Modelling studies predict global changes in ocean temperature, pH, oxygenation and primary production over the next century, with profound potential consequences for marine biota in general, as well as for human populations living in coastal regions (Jones et al. 2013; Mora et al. 2013). The effects of climate change are particularly evident in the Arctic Ocean and some parts of the Antarctic Ocean (Doney et al. 2012). In the latter, the low sea-surface temperature, leading to increased CO2 solubility and upwelling of rich CO2 deep water, has led to rapid acidification rates (Guinotte and Fabry 2008). In the Southern Hemisphere, the Antarctic Peninsula is experiencing one of the fastest rates of regional climate change on Earth (Turner et al. 2009) and Antarctic ecosystems are particularly vulnerable and sensitive to these changes (Ingels et al. 2012). Global climate warming also has secondary effects, such as large-scale ice-shelf disintegration events, changes in the availability, quantity and quality of food, and increased glacier melting leading to increased coastal turbidity and salinity modifications (Ingels et al. 2012). A summary of studies concerning the impact of climate change on marine meiofauna is reported in Tables 1 and 2.
Table 1

A summary of meiofauna studies reported in the “Global climate change” session

 

Domain

Kind of observation

Habitat and geographic coverage

Taxa investigated

Response

Reference

Ocean warming

Shallow water

Microcosm experiment

Gulf of California, Mexico

Nematoda

High diversity: negative response; low diversity: idiosyncratic response

Gingold et al. 2013

Shallow water

Laboratory experiment

Munkeby Bay, Sweden

Meiofaunal and bacterial biomass

Heterotrophic variables (e.g., meiofaunal biomass) respond clearly than autotrophic variables

Alsterberg et al. 2011

Shallow water

Laboratory experiment

Conch and Tennessee Reefs, Florida

Foraminifera

Foraminifera with symbionts experience bleaching

Talge and Hallock 2003

Shallow water

Laboratory experiment

Great Barrier Reef Marine Park, Australia

Foraminifera

Foraminifera with symbionts experience bleaching

Schmidt et al. 2011

Shallow water

Laboratory experiment

Helgoland, North Sea

Nematoda

Nematode life cycles become shorter with increased temperature

Gerlach and Schrage 1971

Shallow water

Laboratory experiment

Magueyes Island, Puerto Rico

Nematoda

Nematode life cycles become shorter with increased temperature

Hopper et al. 1973

Shallow water

Laboratory experiment

Lynher Estuary, UK

Nematoda

Nematode life cycles become shorter with increased temperature

Warwick 1981b

Shallow water

Laboratory experiment

Westerschelde Estuary, the Netherlands

Nematoda

Nematode life cycles become shorter with increased temperature

Moens and Vincx 2000

Deep sea

Natural observation

Cretan Sea

Nematoda

Negative response

Danovaro et al. 2004a

Ocean acidification

Shallow water

Laboratory experiment

Tanabe Bay, in the Kii Peninsula, Japan

Nematoda and Copepoda

No response

Kurihara et al. 2007

Shallow water

Laboratory experiment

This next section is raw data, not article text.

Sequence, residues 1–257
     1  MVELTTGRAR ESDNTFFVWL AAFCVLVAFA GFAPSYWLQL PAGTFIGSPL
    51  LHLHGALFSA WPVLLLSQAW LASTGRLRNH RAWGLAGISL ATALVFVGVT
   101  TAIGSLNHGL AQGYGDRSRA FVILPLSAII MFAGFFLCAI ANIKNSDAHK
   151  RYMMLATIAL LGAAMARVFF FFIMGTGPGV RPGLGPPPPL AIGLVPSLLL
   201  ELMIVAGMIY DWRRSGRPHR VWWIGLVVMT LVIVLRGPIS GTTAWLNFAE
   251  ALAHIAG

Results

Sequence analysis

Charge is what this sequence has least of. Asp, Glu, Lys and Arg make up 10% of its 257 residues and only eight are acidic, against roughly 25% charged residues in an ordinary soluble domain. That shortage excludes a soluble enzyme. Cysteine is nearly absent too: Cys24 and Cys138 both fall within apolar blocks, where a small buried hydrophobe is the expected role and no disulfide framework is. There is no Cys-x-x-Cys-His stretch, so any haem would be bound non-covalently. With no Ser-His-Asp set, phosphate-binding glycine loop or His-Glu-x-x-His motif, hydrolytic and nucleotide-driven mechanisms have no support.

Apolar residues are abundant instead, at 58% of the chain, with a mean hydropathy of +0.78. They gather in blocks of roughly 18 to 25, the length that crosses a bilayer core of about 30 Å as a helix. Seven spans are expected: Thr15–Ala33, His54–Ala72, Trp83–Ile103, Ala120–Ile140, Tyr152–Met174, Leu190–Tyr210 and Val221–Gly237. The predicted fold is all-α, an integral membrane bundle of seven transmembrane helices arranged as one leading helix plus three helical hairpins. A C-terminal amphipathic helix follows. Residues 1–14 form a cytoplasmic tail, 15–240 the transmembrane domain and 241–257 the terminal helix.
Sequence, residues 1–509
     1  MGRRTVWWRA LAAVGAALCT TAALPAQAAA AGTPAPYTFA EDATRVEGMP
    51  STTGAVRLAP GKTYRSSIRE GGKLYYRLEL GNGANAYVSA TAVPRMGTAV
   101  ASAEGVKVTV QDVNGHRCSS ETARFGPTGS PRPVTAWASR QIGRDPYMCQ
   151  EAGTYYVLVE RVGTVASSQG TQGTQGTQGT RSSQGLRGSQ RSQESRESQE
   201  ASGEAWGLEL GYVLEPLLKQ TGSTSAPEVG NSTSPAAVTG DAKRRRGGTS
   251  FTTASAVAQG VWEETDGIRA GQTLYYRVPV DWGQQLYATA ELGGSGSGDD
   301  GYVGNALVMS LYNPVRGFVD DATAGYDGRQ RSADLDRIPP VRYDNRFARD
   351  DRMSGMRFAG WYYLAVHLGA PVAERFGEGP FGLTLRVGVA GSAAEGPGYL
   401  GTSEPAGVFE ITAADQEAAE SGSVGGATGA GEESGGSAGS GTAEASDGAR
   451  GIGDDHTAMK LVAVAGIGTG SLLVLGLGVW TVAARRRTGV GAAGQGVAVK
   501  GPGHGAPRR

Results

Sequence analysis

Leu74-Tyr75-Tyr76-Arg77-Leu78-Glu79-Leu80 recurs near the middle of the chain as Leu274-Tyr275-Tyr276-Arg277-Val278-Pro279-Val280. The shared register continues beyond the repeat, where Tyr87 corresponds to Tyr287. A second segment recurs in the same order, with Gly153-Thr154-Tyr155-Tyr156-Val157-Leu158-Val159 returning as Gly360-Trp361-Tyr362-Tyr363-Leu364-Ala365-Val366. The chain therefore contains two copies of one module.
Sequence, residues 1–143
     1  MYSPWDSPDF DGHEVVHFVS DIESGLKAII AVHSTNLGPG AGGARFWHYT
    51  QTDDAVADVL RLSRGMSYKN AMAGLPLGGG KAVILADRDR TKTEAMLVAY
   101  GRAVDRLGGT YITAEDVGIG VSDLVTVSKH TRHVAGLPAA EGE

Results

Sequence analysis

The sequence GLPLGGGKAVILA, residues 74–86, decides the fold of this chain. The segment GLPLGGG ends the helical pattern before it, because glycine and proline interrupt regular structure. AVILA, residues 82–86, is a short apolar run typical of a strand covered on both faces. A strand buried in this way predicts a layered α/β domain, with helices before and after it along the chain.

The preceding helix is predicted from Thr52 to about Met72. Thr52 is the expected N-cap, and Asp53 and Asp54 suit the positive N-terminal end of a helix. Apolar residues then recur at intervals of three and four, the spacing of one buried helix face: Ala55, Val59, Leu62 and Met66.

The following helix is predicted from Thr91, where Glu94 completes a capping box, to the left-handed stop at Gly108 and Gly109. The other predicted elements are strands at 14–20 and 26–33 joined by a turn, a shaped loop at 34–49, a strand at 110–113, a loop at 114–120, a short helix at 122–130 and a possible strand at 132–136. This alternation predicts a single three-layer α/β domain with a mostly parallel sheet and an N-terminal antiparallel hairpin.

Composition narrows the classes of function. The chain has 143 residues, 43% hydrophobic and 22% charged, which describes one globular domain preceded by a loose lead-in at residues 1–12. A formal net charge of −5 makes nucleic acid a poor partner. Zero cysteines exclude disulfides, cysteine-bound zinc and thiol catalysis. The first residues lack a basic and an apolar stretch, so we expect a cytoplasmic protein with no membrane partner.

Florida Keys, USA

Foraminifera

Dissolution of tests and loss of symbionts

McIntyre-Wressnig et al. 2013

Shallow water

Mesocosm experiment

Oslo Fjord, Norvegia

Nematoda

Impacts on structure and diversity of nematode community

Dashfield et al. 2008

Shallow water

Mesocosm experiment

Oslo Fjord, Norvegia

Meiofauna and Macrofauna

Impacts on structure and diversity of nematode community

Widdicombe et al. 2009

Shallow water

Mesocosm experiment

Rocky shore at Mount Batten, Plymouth, UK

Meiofauna and Macrofauna

Impact macrofauna negatively whereas nematode abundance and diversity increase

Hale et al. 2011

Deep sea

In situ experiment

Off central California in the axis of Monterey Canyon

Meiofauna

Meiofaunal mortality, increase in nematode abundance

Barry et al. 2004; Carman et al. 2004; Thistle et al. 2005, 2007

Deep sea

In situ experiment

Off central California in the axis of Monterey Canyon

Copepoda

General increase in mortality and decrease in species richness

Thistle et al. 2006

Deep sea

In situ experiment

Off central California in the axis of Monterey Canyon

Foraminifera

Decrease in abundance and diversity, increase of non-calcareous forms

Ricketts et al. 2009

Deep sea

Modeling

Several studies/sites

Meiofauna, Macrofauna and Megafauna

Decrease in meiofaunal biomass

Jones et al. 2013

Deep sea

Review study

Antarctic

Foraminifera, Nematoda, Amphipoda, Isopoda, Echinoidea

Deep-sea ecosystems: changes in foraminiferal community affects isopods and scaphopods

Ingels et al. 2012

Ocean warming and acidification

Several studies/domains

Review study

Several studies/sites

Meiofauna

Meiofauna tolerate low oxygen concentrations better than macrofauna

Giere 1993

Hypoxic environments

Shallow water

Natural observation

Louisiana Coast

Meiofauna

Decrease in meiofaunal abundance and diversity

Murrell and Fleeger 1989

Shallow water

Natural observation

Crimean shores of the Black Sea

Meiofauna

Changes in meiofaunal composition

Revkov and Sergeeva 2004

Shallow water

In situ and laboratory experiments

Adriatic Sea, Mediterranean Sea

Copepoda

Anoxia impacts the survival of consumers and also of primary producers with important implications for the recovery phase